The U.S. Charged Six Russian Intelligence Officials with Hacking. Now What?
On October 15, 2020, a federal grand jury brought charges against six Russian intelligence officials in the Western District of Pennsylvania for conducting several prominent cyberattacks. The defendants, Yuriy Andrienko, Sergey Detistov, Pavel Frolov, Anatoliy Kovalev, Artem Ochichenko, and Petr Pliskin, allegedly serve as officers in the Russian Main Intelligence Directorate (“GRU”), one of the Russian Federation’s three military intelligence agencies.
The indictment charges the officials with conspiracy, wire fraud, aggravated identity theft, and damage to computers used in critical infrastructure. The Department of Justice (“DOJ”) specifically accuses the defendants of orchestrating several of the world’s most destructive cyberattacks in recent years. The DOJ claims that the officials, acting on behalf of the Russian government, initiated the NotPetya malware attack, which cost U.S. and global businesses billions of dollars in lost sales and data recovery expenses. The indictment also blames the defendants for deploying destructive malware to destabilize Ukraine’s power grid, undermine French elections, stymie the Novichok poisoning investigations, and attack critical infrastructure around the world.
The Likelihood of a Conviction
Convincing a grand jury to indict foreign hackers is one matter; managing to convict foreign hackers is another matter entirely.
The DOJ faces several formidable obstacles in its quest to successfully prosecute the six Russian defendants. For example, prosecutors must gather sufficient evidence to attribute the cyberattacks to the named defendants, not just to the Russian government, yet such evidence often exists overseas. Complications arise when the information needed to successfully prosecute cybercrimes can only be found in countries that do not cooperate with U.S. law enforcement. The Russian Federation has not agreed to cooperate with the U.S. on prosecutions nor extradition of its citizens, which limits the DOJ’s ability to collect much-needed information.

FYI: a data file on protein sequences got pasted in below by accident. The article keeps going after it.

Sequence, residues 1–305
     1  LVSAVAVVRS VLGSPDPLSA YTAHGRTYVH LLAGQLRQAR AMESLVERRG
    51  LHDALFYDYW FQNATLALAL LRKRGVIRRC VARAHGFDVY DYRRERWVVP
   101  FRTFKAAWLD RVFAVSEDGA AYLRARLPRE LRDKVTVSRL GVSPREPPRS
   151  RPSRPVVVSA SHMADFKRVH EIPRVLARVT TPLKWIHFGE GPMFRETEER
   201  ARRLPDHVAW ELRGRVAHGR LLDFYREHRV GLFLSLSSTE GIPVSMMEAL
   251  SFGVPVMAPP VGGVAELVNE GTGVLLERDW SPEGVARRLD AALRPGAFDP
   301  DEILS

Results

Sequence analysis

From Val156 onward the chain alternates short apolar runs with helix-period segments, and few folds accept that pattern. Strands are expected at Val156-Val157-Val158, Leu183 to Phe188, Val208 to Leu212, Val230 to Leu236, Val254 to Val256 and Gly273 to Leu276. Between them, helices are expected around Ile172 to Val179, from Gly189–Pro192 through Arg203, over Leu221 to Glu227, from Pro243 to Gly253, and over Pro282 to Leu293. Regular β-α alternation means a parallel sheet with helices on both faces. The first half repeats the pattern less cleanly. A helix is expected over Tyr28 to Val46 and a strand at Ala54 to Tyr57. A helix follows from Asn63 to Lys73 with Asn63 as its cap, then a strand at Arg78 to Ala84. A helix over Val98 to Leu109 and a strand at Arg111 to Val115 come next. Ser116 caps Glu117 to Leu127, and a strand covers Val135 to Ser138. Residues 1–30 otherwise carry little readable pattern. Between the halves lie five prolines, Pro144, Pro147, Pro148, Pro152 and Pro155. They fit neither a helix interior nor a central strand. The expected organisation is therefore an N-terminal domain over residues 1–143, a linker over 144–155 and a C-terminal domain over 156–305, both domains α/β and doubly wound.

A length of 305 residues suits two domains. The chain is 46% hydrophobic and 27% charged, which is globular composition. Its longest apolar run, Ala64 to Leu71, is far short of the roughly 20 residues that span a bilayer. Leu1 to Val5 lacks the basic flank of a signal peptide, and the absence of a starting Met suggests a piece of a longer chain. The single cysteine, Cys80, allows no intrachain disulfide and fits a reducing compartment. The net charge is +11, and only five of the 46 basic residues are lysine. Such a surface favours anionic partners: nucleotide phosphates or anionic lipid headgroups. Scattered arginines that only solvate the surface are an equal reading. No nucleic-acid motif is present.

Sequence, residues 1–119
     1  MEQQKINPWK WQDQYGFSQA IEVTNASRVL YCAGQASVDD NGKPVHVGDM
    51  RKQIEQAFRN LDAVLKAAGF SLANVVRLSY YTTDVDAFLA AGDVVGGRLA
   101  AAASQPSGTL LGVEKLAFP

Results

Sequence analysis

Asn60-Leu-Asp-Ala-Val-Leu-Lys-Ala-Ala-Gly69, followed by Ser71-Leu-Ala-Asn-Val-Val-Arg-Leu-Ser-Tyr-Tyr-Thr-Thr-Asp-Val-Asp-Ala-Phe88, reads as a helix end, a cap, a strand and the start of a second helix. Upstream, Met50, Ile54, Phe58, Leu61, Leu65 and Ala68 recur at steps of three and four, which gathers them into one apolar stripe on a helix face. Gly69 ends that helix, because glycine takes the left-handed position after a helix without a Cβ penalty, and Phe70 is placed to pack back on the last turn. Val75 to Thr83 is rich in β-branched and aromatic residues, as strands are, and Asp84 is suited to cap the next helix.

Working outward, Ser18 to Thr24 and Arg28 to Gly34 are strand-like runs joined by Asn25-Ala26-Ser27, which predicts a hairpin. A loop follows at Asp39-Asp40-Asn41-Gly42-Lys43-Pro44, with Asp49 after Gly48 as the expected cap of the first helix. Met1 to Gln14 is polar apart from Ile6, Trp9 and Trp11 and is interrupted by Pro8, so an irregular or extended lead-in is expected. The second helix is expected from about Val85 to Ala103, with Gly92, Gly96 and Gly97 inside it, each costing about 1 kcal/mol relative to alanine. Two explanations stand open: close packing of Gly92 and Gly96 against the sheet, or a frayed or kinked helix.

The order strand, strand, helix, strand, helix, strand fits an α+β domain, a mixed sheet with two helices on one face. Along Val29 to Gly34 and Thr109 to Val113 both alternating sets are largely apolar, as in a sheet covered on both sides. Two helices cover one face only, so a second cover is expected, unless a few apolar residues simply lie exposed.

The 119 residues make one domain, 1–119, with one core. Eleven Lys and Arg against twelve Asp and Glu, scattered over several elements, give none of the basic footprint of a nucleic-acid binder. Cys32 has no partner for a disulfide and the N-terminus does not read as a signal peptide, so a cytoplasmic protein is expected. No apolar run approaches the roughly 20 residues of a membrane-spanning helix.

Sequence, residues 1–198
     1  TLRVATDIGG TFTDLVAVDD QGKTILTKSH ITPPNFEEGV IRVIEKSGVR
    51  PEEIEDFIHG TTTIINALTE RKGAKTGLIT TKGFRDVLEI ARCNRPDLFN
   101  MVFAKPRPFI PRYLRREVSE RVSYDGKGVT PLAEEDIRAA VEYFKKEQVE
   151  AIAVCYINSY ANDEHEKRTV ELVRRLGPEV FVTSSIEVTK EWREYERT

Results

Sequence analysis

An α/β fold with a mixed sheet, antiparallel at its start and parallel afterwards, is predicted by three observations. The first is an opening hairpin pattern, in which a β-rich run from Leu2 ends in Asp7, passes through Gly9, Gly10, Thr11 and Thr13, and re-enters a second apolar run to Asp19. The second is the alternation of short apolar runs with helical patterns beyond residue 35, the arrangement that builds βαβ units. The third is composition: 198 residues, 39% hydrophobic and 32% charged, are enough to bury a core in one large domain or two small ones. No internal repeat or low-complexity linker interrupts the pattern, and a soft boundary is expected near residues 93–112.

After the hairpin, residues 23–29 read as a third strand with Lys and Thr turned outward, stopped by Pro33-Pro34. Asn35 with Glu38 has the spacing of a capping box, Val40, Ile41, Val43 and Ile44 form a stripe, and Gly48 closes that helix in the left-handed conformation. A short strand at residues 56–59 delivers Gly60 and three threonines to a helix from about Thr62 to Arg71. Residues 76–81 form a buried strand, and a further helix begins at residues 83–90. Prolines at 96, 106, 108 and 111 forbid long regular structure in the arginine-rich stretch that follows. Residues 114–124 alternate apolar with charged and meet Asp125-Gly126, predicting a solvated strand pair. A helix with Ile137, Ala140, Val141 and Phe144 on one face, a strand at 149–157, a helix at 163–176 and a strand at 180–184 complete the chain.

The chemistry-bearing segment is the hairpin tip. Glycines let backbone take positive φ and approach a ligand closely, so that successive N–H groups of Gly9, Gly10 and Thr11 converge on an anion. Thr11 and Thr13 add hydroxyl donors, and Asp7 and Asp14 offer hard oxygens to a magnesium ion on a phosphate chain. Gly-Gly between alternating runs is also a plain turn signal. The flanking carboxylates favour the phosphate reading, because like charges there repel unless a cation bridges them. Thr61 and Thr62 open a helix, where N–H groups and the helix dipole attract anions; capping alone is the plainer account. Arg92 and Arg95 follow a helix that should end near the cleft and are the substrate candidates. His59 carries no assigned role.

Further complicating the road to conviction, prosecutions of state-sponsored hackers often involve classified information. Thus, even if the DOJ can meet its burden of proof, prosecutors may not be able to admit some evidence at trial due to national security concerns. The DOJ recently dismissed a case tied to two Russian companies’ alleged attempts to interfere in the 2016 presidential election, after the defense sought classified information about the U.S. government’s investigative techniques and the identities of cooperating witnesses. Unwilling or unable to reveal the classified information, federal prosecutors chose to abandon the case after nearly four years of investigative and trial work.
Given the challenges associated with obtaining an arrest and a conviction, it is worth considering alternative measures to hold state-sponsored hackers accountable. First, federal prosecutors can pursue civil actions against the defendants to seize their computer hardware and seek court-ordered sanctions. Despite the lower burden of proof, civil cases pose many of the same evidentiary and logistical challenges as criminal cases. Second, the U.S. government can employ a targeted diplomatic approach to isolate the six defendants outside of Russia’s borders. Such a diplomatic strategy would require significant law enforcement coordination with allies. To buttress a diplomatic approach, the U.S. can unilaterally impose asset freezes and travel sanctions against the Russian officials. Finally, the U.S. military could retaliate against the individual perpetrators as well as the Russian Federation more broadly by deploying disruptive cyber operations via the U.S. Cyber Command.
These alternative measures represent a more robust, multi-faceted approach to countering the Russian Federation’s malicious cyber operations. When deployed simultaneously, these diplomatic, economic, and military tools can impose considerable political costs on the Russian government and incapacitate individual hackers. While none of the alternatives can guarantee an end to Russian cyber aggression, they at least provide the U.S. government with mechanisms beyond that of a highly constrained, resource-heavy prosecution to hold state-sponsored hackers accountable.
GLTR Staff Editor; Georgetown Law, J.D. 2021; The Johns Hopkins University, B.A. 2017.